From left to right, Akani Simbine outpaces Justin Gatlin and Asafa Powell at the Diamond League meet in Doha. Photo: Nikku, Xinhua

JOHANNESBURG – Being one of the trailblazers of South African athletics seems to come naturally to Akani Simbine.

On Friday when the Tuks athlete outsprinted Justin Gatlin to win the 100 metres at the Diamond League in Doha, it was the third time this season that he set a first in South African athletics.

No other local sprinter has yet been able to win the short sprint at a Diamond League meeting.

Simbine is also the first local sprinter to run two sub-10-second 100m races on the same day, and the first to run a sub-10 100m and sub-20 200m on the same day.

Judging by Simbine’s performances so far, it might not be far-fetched to predict that he is capable of winning a medal at the World Championships in London in August.

The Tuks athlete’s progress as a sprinter over the last six years is remarkable. In 2012, he set a new South African junior record of 10.19.

Except for 2013, he has managed to improve his time each year. In 2014, his best time was 10.02, in 2015 he ran 9.97 and last year he ran 9.89. His best time so far this season is 9.92.

Simbine’s coach Werner Prinsloo views 2012 as his breakthrough year. “When Akani ran that 10.19, it changed my life as a coach. It was not only the time he ran, but more importantly the build-up to the race.

“I realised that Akani was not powerful enough as a sprinter, so I specifically changed his programme to include more strength training. We were doing so for about three months before he set a new national junior record. Running 10.19 was a massive improvement as his previous best was about 10.49.

“The next milestone for Akani was in 2013 when he started competing in Europe. Up to then, I was the one who taught him everything he knew about sprinting. Once he started racing internationally, he became a student of sprinting and started to learn from the other athletes.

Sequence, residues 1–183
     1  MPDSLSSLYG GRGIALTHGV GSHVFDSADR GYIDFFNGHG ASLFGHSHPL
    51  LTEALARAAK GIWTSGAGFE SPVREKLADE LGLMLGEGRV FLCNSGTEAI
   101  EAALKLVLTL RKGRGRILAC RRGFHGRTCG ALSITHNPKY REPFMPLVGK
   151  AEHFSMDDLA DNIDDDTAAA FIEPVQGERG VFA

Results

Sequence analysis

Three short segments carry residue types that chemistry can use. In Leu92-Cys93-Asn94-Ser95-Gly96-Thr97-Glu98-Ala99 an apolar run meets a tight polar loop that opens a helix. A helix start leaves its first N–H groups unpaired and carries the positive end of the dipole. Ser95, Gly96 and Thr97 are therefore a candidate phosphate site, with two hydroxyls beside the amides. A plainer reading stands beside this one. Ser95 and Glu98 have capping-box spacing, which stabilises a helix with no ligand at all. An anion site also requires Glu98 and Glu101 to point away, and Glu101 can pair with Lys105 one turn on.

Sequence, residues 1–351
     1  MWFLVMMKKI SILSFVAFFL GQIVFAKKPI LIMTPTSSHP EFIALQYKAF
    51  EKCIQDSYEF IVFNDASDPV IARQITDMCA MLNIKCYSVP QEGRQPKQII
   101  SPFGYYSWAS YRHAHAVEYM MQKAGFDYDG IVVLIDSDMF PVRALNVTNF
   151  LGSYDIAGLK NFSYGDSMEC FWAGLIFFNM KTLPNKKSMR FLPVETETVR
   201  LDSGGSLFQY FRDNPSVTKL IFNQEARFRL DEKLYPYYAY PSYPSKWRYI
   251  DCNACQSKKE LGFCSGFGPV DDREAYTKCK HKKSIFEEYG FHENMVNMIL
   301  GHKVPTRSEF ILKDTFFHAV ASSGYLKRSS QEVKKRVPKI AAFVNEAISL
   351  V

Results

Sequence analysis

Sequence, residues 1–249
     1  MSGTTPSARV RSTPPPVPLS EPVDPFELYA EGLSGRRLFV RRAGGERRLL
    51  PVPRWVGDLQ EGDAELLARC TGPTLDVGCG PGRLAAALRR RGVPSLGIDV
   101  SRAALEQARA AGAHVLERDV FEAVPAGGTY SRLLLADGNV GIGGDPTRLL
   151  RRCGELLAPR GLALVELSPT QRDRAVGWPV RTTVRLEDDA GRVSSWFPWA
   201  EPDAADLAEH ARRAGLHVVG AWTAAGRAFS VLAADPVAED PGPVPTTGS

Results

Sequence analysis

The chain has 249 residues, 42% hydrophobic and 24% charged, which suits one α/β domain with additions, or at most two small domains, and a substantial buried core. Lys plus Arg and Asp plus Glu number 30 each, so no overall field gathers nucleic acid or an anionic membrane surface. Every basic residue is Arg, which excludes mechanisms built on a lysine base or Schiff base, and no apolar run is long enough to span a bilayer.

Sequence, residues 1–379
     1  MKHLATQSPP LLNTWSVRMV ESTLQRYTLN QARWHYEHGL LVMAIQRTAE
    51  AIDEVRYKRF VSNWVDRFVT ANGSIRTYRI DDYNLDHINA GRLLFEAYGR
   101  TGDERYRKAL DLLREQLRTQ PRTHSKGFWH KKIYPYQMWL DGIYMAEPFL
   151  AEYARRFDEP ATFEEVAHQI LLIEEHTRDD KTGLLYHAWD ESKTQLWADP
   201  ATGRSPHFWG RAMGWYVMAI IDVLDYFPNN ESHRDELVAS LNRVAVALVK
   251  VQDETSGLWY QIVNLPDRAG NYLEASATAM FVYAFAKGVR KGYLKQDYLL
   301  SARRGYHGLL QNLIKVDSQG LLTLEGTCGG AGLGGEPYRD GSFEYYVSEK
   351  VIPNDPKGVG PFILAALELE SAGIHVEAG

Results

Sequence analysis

“I always say that training is training – for an athlete to be successful, he needs to learn how to run. That started happening for Akani in 2013. Sprinting will never just be about running as fast as you can when the starter’s gun goes.”

Prinsloo considers last year as the third breakthrough moment in Simbine becoming a world-class sprinter. “We realised that we needed to work on Akani’s start as internationally, that was where he was losing races.

His top speed was never a problem. I consider it to be on par with the likes of Asafa Powell, but he lost out big time over the first 20 metres.

“Akani’s start is now one of the best. He proved it at last year’s Olympic final in Rio where his reaction time out of the blocks was the fastest. If Akani has a good start, there are very few sprinters who will be able to beat him.”

Prinsloo said that going forward, it will all be about marginal gains for the Tuks sprinter. “For him to become a consistent 9.90 sprinter, we will have to work on small, specific details. The challenge for me as a coach will be good planning.

“Because Akani trains and races at such a high intensity, it is important to make sure that he takes proper breaks from time to time in order for his body to recover.”

Prinsloo emphasised that the 200 metres is important to him. “I realised during the South African Championships that we still need to work on Akani’s endurance for him to be able to run consistently good times in the 200 metres.

“In Potchefstroom by the time he had to run the 200 metres final, he didn’t have much left in his tank.”

African News Agency (ANA)

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